Jonny Howson on keeping it professional when a full-back goes in goal, why Wes Hoolahan had to go down and catching up with his old gaffer Paul Lambert, as Norwich City put Wolves to bed

Jonny Howson celebrates scoring Norwich City's third goal against Wolves with the man who got the se

Jonny Howson celebrates scoring Norwich City's third goal against Wolves with the man who got the second, Robbie Brady. Picture by Paul Chesterton/Focus Images - Credit: Paul Chesterton/Focus Images Ltd

There is something so inherently modest about Jonny Howson that it almost lulls you into underestimating what he can bring to a football pitch.

It certainly couldn’t hide how the Norwich City midfielder influenced Saturday’s Championship clash with Wolves – against the manager, in Paul Lambert, who signed him from Leeds in the first place.

At the weekend Howson looked the Premier League operator he is. City should perhaps be thankful his grounded nature seems enough to prevent any potential suitors stealing him away in the current window.

“I just spoke to him at the end, just wished him all the best like you would with anyone, so nothing out of the ordinary,” said Howson of his former boss.

Amidst the tracking back, breaking up play and driving City forward, Howson’s influence peaked with a rasping left-footed shot that cannoned off the underside of the bar, before Steven Naismith opened the scoring with a smart finish from the rebound.

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And it climaxed with a neat volley from the edge of the box – again with that left foot – which picked up a deflection or two before beating stand-in keeper Matt Doherty in injury time. At least Howson got a shot on target – it seemed a bit beyond some of his team-mates, despite the inviting nature of being faced with a full-back between the sticks.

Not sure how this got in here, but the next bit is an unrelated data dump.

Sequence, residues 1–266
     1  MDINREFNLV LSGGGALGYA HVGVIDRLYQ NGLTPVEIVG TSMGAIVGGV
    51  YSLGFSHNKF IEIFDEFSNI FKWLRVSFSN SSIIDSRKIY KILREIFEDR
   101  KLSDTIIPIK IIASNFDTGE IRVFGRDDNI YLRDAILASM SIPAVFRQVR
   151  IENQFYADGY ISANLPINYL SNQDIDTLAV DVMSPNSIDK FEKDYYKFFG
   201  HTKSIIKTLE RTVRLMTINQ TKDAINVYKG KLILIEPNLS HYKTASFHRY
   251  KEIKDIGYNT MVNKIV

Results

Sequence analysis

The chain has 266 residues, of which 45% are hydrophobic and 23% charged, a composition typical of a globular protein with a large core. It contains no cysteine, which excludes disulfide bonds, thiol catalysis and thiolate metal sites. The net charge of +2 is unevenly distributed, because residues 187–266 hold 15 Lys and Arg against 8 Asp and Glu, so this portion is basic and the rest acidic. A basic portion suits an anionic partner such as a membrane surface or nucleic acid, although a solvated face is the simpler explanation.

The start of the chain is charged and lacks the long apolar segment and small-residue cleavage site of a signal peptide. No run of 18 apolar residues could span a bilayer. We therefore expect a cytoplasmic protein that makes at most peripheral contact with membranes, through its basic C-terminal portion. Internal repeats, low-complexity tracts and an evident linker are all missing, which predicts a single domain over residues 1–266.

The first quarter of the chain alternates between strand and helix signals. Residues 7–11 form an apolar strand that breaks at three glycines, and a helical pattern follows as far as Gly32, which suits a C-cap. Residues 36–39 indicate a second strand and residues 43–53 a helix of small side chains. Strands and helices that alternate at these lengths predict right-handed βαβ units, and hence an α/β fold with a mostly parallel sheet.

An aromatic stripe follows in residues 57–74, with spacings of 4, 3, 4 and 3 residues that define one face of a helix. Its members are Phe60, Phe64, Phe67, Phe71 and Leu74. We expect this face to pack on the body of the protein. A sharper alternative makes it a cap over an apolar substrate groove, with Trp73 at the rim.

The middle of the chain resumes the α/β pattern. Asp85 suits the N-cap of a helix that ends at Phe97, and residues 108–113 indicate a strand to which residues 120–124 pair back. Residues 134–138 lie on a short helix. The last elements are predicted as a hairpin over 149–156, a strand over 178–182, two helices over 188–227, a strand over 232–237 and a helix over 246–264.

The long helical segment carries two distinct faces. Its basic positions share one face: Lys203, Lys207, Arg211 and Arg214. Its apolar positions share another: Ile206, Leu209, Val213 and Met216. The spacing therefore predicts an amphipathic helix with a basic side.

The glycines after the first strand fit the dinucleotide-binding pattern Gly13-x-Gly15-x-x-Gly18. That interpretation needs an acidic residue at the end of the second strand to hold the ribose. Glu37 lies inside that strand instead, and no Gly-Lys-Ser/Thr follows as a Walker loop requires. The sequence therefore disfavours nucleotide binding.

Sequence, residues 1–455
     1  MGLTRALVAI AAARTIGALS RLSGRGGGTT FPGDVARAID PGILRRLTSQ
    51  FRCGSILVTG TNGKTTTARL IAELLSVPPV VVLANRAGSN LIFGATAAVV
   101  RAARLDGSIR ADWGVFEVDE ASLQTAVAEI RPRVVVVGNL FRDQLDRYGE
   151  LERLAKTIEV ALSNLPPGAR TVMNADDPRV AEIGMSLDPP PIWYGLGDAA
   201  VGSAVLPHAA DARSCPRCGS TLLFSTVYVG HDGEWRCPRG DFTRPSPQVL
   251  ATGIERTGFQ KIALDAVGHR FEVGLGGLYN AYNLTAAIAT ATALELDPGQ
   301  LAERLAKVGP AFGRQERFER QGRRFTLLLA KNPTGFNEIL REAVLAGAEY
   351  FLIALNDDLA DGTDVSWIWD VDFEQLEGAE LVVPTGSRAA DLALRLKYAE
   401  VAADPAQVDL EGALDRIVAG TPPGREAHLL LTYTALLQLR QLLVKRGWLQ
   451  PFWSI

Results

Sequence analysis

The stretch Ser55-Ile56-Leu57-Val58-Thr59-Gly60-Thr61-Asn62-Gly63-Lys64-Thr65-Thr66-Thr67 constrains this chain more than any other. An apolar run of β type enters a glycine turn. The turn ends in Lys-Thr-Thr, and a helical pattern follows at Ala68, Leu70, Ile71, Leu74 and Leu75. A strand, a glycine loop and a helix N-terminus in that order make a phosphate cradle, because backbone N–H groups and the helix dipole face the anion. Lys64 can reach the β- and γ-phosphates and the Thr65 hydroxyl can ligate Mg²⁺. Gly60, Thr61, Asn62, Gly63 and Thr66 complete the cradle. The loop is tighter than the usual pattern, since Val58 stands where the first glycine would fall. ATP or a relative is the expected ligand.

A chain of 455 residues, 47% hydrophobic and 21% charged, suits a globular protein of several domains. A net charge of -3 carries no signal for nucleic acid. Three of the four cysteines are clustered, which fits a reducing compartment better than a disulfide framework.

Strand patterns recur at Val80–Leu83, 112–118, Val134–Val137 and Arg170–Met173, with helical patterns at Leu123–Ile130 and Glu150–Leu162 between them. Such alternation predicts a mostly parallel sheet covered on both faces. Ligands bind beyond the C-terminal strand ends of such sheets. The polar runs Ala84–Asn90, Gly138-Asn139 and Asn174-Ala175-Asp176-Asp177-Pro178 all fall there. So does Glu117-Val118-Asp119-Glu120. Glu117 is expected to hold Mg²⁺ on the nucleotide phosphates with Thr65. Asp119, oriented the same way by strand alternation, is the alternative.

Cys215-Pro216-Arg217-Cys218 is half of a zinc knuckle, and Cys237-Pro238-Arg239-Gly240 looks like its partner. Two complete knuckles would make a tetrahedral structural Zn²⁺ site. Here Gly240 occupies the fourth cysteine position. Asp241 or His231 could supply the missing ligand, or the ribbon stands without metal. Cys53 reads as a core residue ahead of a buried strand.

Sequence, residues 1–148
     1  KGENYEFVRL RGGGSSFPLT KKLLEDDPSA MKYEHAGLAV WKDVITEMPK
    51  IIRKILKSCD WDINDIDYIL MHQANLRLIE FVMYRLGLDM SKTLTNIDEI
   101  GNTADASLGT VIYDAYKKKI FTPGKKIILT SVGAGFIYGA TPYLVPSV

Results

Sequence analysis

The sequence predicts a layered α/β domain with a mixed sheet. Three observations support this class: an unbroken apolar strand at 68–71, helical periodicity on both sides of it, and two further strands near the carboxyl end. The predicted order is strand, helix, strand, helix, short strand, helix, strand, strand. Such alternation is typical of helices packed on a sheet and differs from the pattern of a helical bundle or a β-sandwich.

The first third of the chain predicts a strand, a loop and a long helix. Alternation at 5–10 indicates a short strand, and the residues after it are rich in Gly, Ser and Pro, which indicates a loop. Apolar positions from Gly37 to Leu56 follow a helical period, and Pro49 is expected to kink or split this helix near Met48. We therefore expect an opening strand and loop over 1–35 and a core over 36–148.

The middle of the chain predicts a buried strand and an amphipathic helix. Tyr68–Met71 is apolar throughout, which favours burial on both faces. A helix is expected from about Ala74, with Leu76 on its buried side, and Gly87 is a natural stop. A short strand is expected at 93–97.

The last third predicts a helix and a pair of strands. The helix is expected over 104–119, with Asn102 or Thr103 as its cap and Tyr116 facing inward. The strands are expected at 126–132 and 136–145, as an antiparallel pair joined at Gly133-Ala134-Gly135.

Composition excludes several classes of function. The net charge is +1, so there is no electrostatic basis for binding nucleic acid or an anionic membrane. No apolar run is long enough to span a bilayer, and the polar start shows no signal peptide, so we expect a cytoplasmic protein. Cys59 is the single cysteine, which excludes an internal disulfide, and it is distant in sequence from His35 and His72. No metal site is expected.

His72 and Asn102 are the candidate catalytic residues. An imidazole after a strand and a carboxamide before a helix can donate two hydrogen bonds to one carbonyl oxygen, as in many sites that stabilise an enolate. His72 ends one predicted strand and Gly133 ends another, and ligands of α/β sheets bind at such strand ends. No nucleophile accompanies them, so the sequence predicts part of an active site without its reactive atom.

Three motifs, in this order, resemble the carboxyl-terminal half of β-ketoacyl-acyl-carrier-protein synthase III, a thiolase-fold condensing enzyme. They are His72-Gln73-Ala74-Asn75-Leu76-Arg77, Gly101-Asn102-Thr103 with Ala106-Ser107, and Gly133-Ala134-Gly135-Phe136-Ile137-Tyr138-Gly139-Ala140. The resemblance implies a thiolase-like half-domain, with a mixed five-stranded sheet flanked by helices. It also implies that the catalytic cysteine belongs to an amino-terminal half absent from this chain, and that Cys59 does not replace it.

“I remember the shouts going out to try to get shots on target, there’s no hiding away from that,” admitted Howson. “But I think you’ve still got to be professional. If it’s on to shoot, then obviously you do. If not, you look for whatever option is on.

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“For a midfielder or being on the edge of a box from a corner, you always want it to come to you for a volley or a nice strike, and it just sat up nicely. When you’ve got a split second to think about it, you just do it.

“I thought it (first-half shot) had a good chance. I was right behind it and it would have been nice if it had gone in, but it was obviously pleasing Naisy could then put in the rebound. I’ll take it as an assist if I can!”

With one red card, two penalties and four goals, there was more than enough to digest after the game – especially surrounding the dismissal of Wolves keeper Carl Ikeme’s dismissal for his shove on Wes Hoolahan – moments after conceding a penalty to the hosts.

“I’ve not seen it but there’s a bit of a size difference there, so I don’t think it would take much of a push to knock Wes over,” smiled Howson.

“You get games of football where it can be like that. I suppose that’s why as neutrals, fans and players, we enjoy this game – because the emotions can change within a matter of seconds.

“Obviously whenever you concede a penalty and lose a man, it’s a big part of the game – especially with the scores being level.

“So it possibly swung things in our favour but looking at the game in the whole, I think we’ve got to be pleased with our performance.

“I think we had played ever so well, we had got the lead and it was fairly comfortable. So to give away a penalty and to be back on level terms, sometimes it can take the stuffing out of you. That’s a situation where I think sometimes teams may be effected by that.

“But we responded well, managed to push them back and were fortunate enough to get a penalty, go on and see the game out from there.”

• Follow Michael Bailey on Twitter @michaeljbailey and Facebook @mbjourno

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